REVIEW : THE BLACK RACER AND SHILO NORMAN SPECIAL #1
Who in their right mind wasn’t intrigued by this one when it was first announced? The Black Racer is, after all, one of the more immediately-arresting and enigmatic characters in all of Jack Kirby‘s Fourth World canon, and Shilo Norman was fondly remembered as the trusted “kid sidekick” of Mister Miracle — but given the Racer’s occupation/mission, it was pretty obvious from the outset that any story that would bring these two together would possibly, if not probably, mean that poor Shilo’s days were numbered.
And so it would seem right from the outset of Reginald Hudlin‘s script for The Black Racer And Shilo Norman Special #1, wherein Shilo, having assumed and/or inherited the Mister Miracle mantle for himself, is strapped to a missile (a hat-tip to a concept The King first utilized in Scott Free’s adventures four decades back) as part of a charity event sponsored by a casino magnate who’s an obvious stand-in for — shit, do I even need to say it? Suffice to say, we all want to see this asshole forced to fork over the cash to Shilo’s charity of choice, but the Racer appears to have other plans —
If, like me, you prefer your Kirby homages to be of the big, bold, and brash variety, then Hudlin and pencillers Denys Cowan and Ryan Benjamin, along with inkers Bill Sienkiewicz and Richard Friend, certainly deliver the goods — this is fast-paced, and decidedly high-stakes, storytelling that gives a number of terrific comics veterans who we don’t see nearly enough of anymore the chance to really flex their creative chops on some of Jack’s out-and-out coolest characters and concepts as Shilo, desperate to stay alive, finds himself not only making a quick pit stop into the world of Kamandi, but getting into an underwater tussle with none other than OMAC himself! In short, strap yourself in tight because this is one wild ride.
For all its breakneck action, though, there is also plenty of humanity at the heart of these proceedings — we get a deeper look at the Racer’s civilian alter-ego, Willie Walker, than we have at any point since his first appearance way back in New Gods #3, Shilo is both as likable and, frankly, immature (not to mention a tad bit sexist) as ever, and a genuine air of mystery and the unknown is imbued back into “The Source” in a manner that would no doubt make Kirby himself smile with appreciation. Yes, this is as much a re-hash as any and all of the other “King 100” specials, and there’s certainly nothing revolutionary about its sabotage/betrayal central plot conceit, but damn, it hits all the right notes and frankly hits them so well that I think it will have appeal to more than just the “hopeless nostalgia” crowd.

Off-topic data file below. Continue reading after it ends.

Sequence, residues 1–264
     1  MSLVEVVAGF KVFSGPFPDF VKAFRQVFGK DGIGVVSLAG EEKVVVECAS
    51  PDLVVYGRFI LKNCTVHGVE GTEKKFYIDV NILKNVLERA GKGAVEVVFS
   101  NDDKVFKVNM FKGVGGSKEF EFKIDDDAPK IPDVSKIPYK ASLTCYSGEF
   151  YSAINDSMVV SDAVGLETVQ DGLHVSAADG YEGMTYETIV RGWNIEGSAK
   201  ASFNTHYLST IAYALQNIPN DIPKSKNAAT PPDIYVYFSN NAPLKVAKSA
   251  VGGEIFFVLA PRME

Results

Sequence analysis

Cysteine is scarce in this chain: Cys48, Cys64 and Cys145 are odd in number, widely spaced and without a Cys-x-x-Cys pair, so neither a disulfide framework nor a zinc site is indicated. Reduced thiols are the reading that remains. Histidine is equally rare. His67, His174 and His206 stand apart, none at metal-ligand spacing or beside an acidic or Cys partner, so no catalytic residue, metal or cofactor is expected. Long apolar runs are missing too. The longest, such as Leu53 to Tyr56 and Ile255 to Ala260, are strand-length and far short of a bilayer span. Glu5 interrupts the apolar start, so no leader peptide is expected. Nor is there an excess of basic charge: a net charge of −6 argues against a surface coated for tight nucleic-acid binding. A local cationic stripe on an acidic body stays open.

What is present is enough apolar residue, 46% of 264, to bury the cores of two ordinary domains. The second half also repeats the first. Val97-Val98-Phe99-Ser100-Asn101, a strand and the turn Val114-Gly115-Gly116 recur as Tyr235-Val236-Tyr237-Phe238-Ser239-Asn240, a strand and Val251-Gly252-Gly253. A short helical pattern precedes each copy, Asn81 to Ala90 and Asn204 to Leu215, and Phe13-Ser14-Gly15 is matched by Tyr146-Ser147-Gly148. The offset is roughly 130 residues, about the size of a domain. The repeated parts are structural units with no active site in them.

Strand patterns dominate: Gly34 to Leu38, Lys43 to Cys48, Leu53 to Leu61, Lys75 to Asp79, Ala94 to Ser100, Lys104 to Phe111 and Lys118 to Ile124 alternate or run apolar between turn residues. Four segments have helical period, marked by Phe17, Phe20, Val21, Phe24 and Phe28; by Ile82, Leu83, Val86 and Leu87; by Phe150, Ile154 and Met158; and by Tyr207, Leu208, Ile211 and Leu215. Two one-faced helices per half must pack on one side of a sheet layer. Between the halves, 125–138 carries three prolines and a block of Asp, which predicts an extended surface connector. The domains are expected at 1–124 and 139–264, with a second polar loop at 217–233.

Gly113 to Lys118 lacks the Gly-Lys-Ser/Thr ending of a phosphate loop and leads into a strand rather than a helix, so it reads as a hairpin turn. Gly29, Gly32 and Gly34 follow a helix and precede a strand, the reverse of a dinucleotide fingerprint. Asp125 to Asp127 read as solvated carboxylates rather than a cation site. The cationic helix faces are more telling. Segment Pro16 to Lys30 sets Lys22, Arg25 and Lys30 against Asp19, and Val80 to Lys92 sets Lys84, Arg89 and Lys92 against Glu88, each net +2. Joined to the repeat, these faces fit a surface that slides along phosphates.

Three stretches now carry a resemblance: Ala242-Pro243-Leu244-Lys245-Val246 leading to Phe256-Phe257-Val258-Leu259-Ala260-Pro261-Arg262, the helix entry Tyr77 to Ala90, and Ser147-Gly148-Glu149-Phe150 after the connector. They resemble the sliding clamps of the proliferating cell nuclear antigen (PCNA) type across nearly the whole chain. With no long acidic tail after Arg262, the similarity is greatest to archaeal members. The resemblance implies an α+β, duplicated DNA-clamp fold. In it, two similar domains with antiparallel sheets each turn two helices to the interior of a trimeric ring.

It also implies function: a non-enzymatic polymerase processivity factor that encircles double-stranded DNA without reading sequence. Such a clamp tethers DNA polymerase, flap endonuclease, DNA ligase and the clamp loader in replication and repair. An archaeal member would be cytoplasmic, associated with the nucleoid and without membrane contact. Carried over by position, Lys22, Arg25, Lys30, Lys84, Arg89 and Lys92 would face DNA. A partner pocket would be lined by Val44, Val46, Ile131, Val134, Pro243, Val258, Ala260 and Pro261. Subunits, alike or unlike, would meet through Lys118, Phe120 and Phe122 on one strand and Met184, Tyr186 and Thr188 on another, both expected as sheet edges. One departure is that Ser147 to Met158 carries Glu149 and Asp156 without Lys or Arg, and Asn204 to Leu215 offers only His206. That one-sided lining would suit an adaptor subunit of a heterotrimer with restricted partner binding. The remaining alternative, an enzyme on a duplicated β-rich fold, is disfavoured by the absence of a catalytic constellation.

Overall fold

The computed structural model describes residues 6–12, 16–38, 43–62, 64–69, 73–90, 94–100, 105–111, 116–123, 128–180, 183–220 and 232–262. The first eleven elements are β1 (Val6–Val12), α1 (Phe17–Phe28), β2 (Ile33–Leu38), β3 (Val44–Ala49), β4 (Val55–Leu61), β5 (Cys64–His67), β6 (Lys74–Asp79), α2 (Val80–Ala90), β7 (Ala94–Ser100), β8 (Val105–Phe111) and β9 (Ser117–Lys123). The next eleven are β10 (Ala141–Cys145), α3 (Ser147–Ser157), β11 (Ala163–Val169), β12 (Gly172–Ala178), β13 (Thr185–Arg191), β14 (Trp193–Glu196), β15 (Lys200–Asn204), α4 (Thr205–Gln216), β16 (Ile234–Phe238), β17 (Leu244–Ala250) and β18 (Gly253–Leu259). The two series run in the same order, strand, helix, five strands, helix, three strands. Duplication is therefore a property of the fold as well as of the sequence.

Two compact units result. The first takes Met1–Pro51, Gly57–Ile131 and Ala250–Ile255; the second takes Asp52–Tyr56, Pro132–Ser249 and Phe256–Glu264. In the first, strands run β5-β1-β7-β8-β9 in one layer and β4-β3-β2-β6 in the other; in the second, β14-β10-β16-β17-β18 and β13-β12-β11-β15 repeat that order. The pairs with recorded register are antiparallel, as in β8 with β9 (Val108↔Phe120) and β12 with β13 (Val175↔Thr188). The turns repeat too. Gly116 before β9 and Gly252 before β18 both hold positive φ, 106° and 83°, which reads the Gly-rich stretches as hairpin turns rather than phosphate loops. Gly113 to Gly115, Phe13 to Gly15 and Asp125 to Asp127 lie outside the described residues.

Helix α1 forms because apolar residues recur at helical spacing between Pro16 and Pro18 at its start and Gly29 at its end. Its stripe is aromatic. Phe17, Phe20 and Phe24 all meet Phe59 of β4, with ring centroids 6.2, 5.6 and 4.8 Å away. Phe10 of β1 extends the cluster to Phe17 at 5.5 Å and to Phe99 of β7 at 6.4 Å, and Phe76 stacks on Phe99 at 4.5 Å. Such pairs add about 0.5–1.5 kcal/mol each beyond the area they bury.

Needless to say, that’s not entirely due to the story alone although, as discussed, that’s certainly quite good — the simple fact, however, is that for a book that’s got an “art by committee” approach, this thing looks pretty damn seamless (thanks in large part to Jeromy Cox‘s vibrant and attention-grabbing colors throughout), and the Cowan/Sienkiewicz team, in particular (always a winning combination “back in the day”), appears not to have lost a step at all. This is fluid, graceful, and expressionistic stuff, rendered with obvious love for both the creations they’re playing with and, crucially, their creator. Heck, it’s borderline majestic in many instances — particular Willie Walker’s Vietnam flashbacks — and consistently dynamic and bracing from start to finish. Prepare to be thoroughly impressed indeed.
Finish it all off with three Kirby “Young Gods Of Supertown” back-up strips from New Gods #s 4, 5, and 6, respectively, and you have a comprehensively fun and entertaining spectacle with plenty of soul to both balance out and underpin all the gloriously far-out cosmic otherworldliness. I’ll be the first to admit that these DC Kirby tribute books have been a decidedly mixed bag on the whole, but The Black Racer And Shilo Norman Special #1 is definitely the best of the bunch and well worth its, fair enough, pretty steep $4.99 asking price. As The King himself used to say : “Don’t ask — just buy it!”
Story : Reginald Hudlin Art : Denys Cowan, Ryan Benjamin, Bill Sienkiewicz, and Richard Friend
Story : 7.5 Art : 8.5 Overall : 8 Recommendation : Buy